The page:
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October 27, 2016
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Reuse, recycle, restore it!

The Weller’s workshop on Neville Road in Moscow, PA features refinishing, restoration and antique sales.

When choosing fabric, Mark says the most important thing to consider is abrasion count. Abrasion count is determined by how the fabric rates in the double-rub test, a standard used to check the fabric’s durability. The fabric is passed through a machine and rubbed back and forth, counting as one double rub. “You definitely want the highest count of the double rub,” Mark explains. An abrasion count of 9,000 to 12,000 would be for very light duty, where you’re going more for the beauty of the fabric chosen and not necessarily durability. The higher the abrasion count means the more you can sit on that fabric before it will start to fray or disintegrate.

A medium-duty fabric would be one with an abrasion count above 15,000, whereas anything over 30,000 double rubs would be considered heavy-duty. For a customer looking for extreme durability, Mark recommends a commercial grade fabric. According to sources, a heavy-duty commercial grade fabric would be 100,000 double rubs or more.

An equally important aspect is fabric protection, such as Scotchguard™. It’s important to know the stain-resistant properties put into the fabric to help resist dirt buildup, Mark explained.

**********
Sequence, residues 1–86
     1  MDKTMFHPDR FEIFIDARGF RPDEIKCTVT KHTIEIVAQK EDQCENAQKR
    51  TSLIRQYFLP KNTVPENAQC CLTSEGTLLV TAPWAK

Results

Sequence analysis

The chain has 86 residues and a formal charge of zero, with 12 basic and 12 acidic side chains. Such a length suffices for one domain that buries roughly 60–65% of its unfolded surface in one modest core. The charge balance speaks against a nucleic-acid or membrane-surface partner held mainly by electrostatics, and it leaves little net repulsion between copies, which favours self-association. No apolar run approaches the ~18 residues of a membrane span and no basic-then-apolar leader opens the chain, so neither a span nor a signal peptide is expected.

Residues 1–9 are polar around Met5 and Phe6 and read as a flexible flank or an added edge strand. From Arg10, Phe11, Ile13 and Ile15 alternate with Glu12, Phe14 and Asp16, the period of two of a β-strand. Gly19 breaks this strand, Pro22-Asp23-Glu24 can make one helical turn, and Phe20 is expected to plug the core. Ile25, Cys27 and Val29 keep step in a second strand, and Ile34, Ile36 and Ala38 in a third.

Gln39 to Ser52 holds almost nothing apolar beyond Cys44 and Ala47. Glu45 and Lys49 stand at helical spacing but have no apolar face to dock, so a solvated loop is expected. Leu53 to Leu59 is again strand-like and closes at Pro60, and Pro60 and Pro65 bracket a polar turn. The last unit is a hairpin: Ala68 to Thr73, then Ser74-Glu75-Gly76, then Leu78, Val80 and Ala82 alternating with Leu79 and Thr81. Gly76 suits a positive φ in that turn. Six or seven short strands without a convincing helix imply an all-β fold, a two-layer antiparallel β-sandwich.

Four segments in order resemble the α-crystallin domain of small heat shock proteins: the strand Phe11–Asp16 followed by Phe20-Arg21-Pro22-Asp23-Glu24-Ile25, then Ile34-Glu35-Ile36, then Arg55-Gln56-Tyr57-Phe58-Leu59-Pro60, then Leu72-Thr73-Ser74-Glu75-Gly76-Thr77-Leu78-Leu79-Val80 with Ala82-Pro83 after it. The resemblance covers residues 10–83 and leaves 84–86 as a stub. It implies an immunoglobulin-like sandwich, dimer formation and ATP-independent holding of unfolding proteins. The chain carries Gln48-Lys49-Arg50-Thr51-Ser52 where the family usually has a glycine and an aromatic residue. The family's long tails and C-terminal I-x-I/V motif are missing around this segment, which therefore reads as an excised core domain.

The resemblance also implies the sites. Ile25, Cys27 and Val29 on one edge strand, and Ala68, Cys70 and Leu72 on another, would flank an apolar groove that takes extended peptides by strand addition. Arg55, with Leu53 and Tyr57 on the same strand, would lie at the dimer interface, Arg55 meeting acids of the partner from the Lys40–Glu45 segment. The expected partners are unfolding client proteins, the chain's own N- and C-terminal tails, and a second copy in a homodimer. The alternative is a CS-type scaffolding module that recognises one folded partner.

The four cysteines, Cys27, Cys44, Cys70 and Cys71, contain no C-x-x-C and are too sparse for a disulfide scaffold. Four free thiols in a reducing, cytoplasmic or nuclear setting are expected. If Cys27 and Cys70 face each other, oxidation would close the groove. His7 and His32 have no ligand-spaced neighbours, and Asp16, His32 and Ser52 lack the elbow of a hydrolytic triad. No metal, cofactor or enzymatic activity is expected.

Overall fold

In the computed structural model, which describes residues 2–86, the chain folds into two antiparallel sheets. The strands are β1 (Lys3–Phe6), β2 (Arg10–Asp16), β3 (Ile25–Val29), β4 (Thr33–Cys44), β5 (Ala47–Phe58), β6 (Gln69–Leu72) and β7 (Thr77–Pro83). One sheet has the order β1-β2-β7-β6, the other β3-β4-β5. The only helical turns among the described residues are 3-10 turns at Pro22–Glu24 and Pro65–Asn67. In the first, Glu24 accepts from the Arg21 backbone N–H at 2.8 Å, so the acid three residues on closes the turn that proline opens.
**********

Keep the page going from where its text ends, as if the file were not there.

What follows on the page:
As far as advice on re-upholstery estimates? Mark says, “Just because someone is a re-upholsterer doesn’t mean they do the same quality of work. There’s a difference between applying fabric and methods of application.” It’s important to check springs, glue joints, interior burlaps or materials, and the quality and density of the foam used. “An upholsterer has choice and control and can step into much better materials,” he said.

“My business is to build that piece of furniture better and make it last longer than industry standards,” Mark said. ”We’re still doing that old-fashioned workmanship with old fashioned quality materials.”

When choosing an upholsterer, Mark recommends visiting their shop. “Take a look at work that’s being done at the time. How do they approach their work?” he said. Ask for testimonials or recommendations of past customers.

“You have to be wary of someone who gives you too high of a price or too low of a price. That’s done by research. Take a ride to their shop and see what they do,” Mark encourages.

To learn more about Sterling Upholstery Co. Inc., visit